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Spy museum among many new sites planned for D.C. area

Tuesday, May 28, 2002

By Karen MacPherson, Post-Gazette National Bureau

WASHINGTON -- When the International Spy Museum opens here in July, visitors will explore the world of espionage by adopting a "cover," crawling through an air duct designed for eavesdropping, deciphering a code and identifying disguised spies.

Lipstick pistol

Museum-goers also will be treated to dozens of interactive displays set in rooms intended to transport them to important places in spy history, such as an ersatz Bletchley Park, where 10,000 Britons worked night and day to break the German World War II "Enigma" code, a chillingly real interrogation chamber and a re-created Berlin tunnel.

Before exiting into the 5,000-square-foot gift shop and choosing between two restaurants for a bite to eat, visitors will be able to discuss the current state of espionage with specialists who once worked in the field.

This combination of information, artifacts and high-tech entertainment is the latest way museums are trying to draw in crowds. Backers of the for-profit International Spy Museum hope that it will attract at least 500,000 people annually -- at $11 per adult -- to their facility in a lavishly refurbished block of buildings in downtown Washington, just a few blocks from traditional tourist sites on the National Mall.

"Museums are competing for people's leisure time," said Dennis Barrie, president of Malrite Co., which is developing the museum. "So museums are changing, making their presentation more inviting and attractive to visitors."

The International Spy Museum is in the vanguard in another way as well. It is one of more than a dozen new museums that are planned for the nation's capital over the next decade. These museums range from the City Museum of Washington, D.C., which has an opening date of 2003, to the National Women's History Museum, whose supporters are still raising money and searching for a site.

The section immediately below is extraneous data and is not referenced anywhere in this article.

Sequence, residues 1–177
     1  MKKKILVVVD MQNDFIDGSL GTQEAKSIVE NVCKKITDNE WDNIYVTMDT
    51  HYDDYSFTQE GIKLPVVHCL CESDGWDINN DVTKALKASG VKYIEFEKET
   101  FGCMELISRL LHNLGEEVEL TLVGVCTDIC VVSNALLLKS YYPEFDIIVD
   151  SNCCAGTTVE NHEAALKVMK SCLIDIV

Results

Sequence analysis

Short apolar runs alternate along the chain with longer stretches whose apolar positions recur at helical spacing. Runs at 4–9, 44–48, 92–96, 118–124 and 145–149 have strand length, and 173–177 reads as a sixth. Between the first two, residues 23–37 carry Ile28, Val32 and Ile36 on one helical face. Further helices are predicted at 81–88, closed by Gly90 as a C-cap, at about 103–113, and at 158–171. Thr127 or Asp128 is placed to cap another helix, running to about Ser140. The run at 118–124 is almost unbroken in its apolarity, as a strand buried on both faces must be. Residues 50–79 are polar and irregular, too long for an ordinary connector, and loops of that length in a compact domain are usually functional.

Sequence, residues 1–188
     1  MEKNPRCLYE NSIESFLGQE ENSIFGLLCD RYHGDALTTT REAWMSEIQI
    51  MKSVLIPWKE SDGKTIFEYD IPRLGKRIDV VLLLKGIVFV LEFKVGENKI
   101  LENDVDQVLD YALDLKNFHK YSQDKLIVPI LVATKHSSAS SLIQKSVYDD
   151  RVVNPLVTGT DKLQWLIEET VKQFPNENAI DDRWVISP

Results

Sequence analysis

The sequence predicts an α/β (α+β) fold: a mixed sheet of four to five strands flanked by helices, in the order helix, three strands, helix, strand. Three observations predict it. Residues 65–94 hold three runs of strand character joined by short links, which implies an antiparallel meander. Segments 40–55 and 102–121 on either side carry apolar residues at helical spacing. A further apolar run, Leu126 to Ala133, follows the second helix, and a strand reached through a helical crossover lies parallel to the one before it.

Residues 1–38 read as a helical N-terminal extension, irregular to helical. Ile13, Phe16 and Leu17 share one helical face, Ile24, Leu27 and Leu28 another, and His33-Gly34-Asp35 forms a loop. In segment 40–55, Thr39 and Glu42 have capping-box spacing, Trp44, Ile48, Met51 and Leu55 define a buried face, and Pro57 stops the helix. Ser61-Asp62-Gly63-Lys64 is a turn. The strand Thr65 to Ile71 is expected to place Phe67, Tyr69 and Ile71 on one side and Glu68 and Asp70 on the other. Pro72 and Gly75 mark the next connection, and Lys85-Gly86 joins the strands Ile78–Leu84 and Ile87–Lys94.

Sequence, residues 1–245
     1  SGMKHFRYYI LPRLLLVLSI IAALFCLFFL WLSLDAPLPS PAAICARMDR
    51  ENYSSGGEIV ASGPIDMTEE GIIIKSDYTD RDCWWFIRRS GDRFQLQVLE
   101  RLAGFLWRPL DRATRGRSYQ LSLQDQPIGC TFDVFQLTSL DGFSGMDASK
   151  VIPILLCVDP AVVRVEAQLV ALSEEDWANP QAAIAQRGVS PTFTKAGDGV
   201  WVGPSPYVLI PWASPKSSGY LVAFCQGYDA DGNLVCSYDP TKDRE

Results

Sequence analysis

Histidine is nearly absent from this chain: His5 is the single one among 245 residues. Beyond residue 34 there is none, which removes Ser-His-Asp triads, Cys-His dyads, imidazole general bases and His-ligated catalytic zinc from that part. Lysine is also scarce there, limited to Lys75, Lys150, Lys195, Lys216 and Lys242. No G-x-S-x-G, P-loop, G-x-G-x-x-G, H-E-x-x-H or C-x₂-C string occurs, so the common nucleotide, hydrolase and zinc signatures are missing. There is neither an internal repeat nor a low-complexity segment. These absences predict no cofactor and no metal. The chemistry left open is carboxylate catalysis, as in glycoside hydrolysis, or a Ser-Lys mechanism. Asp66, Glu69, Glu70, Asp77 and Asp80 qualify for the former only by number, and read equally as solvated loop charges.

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New museums planned for Washington D.C.

   
 

By the official count of the National Capital Planning Commission, the Washington area already boasts 74 museums and 155 memorials. That count doesn't include museums like the "Squished Penny Museum," which is housed in its founders' Washington row house (and on the Internet at http://www.squished.com).

But museum planners and others say there's plenty of room for more museums as long as they're not on the National Mall. The mall's last museum-sized spot was claimed years ago by the Smithsonian's National Museum of the American Indian, set to open in 2004.

"We're getting 22 million visitors a year in Washington," said Barbara Franco, president and CEO of the Historical Society of Washington, D.C. "If Washington really wants to make tourism a vital part of its economic development, it needs to diversify its offerings and have more places for people to go. The city can absorb a lot more tourists when things are decentralized."

At least 16 new museums -- in varying stages of planning -- are proposed for the Washington area. Four are close to opening: the International Spy Museum, the City Museum, the American Indian Museum and the National Air and Space Museum's annex at Dulles Airport, slated to open in December 2003.

In addition, Congress is about to start work on a new, underground Capitol Visitors Center; Mount Vernon officials have announced plans for an $85 million museum honoring George Washington; work may soon begin on a National Garden next to the Botanic Gardens on Capital Hill; and a design competition for the Museum of the Americas is about to get under way.

Escape boots

Two longtime museums -- the Phillips and the Corcoran -- are planning large expansions, while the Newseum, a history of news gathering in America, is moving just blocks from the U.S. Capitol.

Several other proposed museums -- including the National Museum of Women's History, the National Health Museum and the Cold War Museum -- haven't yet found physical homes but have a vibrant Internet presence via their cybermuseums.